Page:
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Saudis use religion to elicit al-Qaida tips
Saudi Arabia, known for harsh criminal penalties such as beheadings, is trying a gentler approach to get information from some al-Qaida captives.
Saudi interrogators often bring clerics and a Quran to their prison interviews to establish a religious connection, a technique that has proved successful in eliciting information from terrorist suspects and reorienting them to less violent religious beliefs.
The tactic, similar to the way cult deprogrammers work in the United States, has impressed American counterparts enough that Saudi intelligence was permitted to use some of the principles on their citizens being held at the U.S. detention camp at Guantanamo Bay, Cuba, Saudi officials said.
The technique is being credited in part for the extraordinary public renouncement of violence by two former militant Saudi clerics, Nasser al-Fahd and Ali al-Khudair. They went on state-owned television in the past few weeks to recant their religious edicts promoting violence.
"We see this as an important development, one that is getting the attention it needs to get inside Saudi Arabia," U.S. embassy spokesman Carol Kalin said in a telephone interview from Riyadh, the Saudi capital.
The religious reorientation is markedly different from some hard-core interrogation tactics that can use sleep deprivation, alternate rewards and punishment and other methods to elicit information.
Saudi officials, who would describe their interrogation methods only on condition of anonymity, said the tactic is reserved mostly for midlevel and low-level al-Qaida prisoners who were attracted to Osama bin Laden's network through a perversion of Islam.
Shortly after these al-Qaida prisoners are taken into custody, Saudi interrogators send in a cleric who appears to espouse militant Islamic views to help build a personal bond with the young men and open a dialogue based on Islam, the officials said.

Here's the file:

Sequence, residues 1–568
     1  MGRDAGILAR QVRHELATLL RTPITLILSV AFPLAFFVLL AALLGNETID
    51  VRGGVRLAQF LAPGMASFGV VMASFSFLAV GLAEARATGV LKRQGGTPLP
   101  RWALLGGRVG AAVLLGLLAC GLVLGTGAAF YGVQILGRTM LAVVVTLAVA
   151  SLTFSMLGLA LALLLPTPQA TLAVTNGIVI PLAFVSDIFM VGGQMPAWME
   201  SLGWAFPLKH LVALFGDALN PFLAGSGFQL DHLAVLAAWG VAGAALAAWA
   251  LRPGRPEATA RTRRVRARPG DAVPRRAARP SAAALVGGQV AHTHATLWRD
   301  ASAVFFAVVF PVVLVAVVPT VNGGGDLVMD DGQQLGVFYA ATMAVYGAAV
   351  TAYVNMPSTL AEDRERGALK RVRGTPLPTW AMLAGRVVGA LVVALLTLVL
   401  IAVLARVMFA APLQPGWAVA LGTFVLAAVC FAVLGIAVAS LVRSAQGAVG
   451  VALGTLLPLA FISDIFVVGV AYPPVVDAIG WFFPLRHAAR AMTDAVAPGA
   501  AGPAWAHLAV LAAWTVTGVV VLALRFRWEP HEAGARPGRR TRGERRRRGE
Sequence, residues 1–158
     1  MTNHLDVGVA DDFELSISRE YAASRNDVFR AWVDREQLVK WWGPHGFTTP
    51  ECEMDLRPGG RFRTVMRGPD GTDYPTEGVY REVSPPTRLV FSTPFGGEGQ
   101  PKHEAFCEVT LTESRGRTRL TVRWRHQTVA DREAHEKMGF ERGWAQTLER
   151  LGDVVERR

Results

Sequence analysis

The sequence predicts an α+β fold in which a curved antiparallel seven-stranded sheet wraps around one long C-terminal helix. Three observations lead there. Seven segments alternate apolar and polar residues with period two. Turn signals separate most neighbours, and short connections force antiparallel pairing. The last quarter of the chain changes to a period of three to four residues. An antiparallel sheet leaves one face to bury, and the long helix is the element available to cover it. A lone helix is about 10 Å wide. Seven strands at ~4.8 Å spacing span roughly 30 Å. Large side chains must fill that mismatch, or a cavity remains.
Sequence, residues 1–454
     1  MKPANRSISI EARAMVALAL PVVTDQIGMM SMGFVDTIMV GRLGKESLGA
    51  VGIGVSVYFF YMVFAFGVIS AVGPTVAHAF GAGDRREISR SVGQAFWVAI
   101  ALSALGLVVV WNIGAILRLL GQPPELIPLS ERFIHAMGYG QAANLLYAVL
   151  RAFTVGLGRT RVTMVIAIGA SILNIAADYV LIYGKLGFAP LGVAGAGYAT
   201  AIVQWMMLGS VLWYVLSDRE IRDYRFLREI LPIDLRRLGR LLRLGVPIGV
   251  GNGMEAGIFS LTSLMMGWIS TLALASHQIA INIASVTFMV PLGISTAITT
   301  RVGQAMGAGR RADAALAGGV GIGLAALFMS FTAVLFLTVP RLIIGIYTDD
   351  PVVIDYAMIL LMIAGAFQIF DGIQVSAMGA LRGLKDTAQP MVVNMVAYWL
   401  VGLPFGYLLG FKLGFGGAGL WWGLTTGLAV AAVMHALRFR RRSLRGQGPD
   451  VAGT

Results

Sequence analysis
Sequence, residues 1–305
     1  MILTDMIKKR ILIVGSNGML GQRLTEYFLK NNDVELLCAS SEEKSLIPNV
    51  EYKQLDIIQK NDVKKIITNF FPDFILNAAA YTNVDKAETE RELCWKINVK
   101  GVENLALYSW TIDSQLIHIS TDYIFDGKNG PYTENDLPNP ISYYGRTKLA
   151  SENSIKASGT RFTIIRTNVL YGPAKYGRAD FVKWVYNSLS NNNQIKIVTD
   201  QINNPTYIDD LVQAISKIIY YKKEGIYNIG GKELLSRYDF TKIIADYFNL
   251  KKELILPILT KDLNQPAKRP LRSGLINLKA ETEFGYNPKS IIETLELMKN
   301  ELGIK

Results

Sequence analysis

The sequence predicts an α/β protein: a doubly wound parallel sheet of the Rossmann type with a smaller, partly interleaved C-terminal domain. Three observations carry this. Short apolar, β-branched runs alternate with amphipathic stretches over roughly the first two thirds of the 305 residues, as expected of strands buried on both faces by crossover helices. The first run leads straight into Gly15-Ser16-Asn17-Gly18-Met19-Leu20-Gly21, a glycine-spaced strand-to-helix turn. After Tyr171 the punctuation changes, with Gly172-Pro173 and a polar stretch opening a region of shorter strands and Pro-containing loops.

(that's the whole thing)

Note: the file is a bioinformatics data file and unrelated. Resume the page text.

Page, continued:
Traditions of the prophet
"Once we connect with them, the interrogators slowly hand them over to a more moderate cleric, who sits with them and goes over what the Quran says and discusses what the traditions of the prophet are," one Saudi official explained.
Over time, the clerics position the prisoners to repent and renounce their past allegiance to the network established by the Saudi-born fugitive bin Laden. Then traditional interrogators are brought in to question the prisoners and learn tactical information, officials said.
"We have learned that what drove them into this cult, and what causes them to cooperate, is religion," said one senior Saudi official involved in intelligence work.
A senior U.S. diplomatic official, speaking only on condition of anonymity, said American officials have observed firsthand the Saudi interrogation tactic and regard it as "a set of skills that is very important in this cultural and religiously oriented society."
Saudi officials said they were permitted in the last year to visit many of their citizens being held as enemy combatants at Guantanamo Bay.
While Saudi questioners did not have enough time to do a full religious reprogramming, they used some of the basic principles to help build a relationship and elicit information, Saudi officials said. U.S. officials confirmed the visit.
Miller said the Saudis were permitted only to use interrogation techniques approved by the Pentagon.
U.S. and Saudi officials note the technique would never work on hard-core terrorist leaders. Also, the type of al-Qaida recruit on whom it does work often has no information about bin Laden's inner circle plans, they added.
Nonetheless, Saudi officials have elicited valuable information. A Saudi official in Washington said one al-Qaida recruit who went through the reprogramming provided information that helped prompt a security warning to airlines over the summer.
Significant information has been learned about how young Saudi men were lured into al-Qaida by bin Laden's recruiters.
Experts say the religious reprogramming tactic works well as a carrot in a society that also threatens a harsh stick -- Islamic trials followed by swift, public beheadings of criminals.
It has developed over decades as the Saudis have looked for ways to rehabilitate their citizens.
Nathaniel Kern, who runs a Washington firm that advises oil companies on Middle East security and intelligence, recalled how a Saudi royal prince aided the families of a group of Saudi Air Force officers convicted of an attempted coup in 1969.
The prince made sure "their wives got their salary checks, that the kids were doing well in school, that the families were taken care of. The wives and kids hadn't done anything wrong," Kern said.
"By 1975, the officers had repented and were released, but their loyalties were really won over by the care their families had been given. It's a part of the world where you don't need to make enemies if you can help it," he said.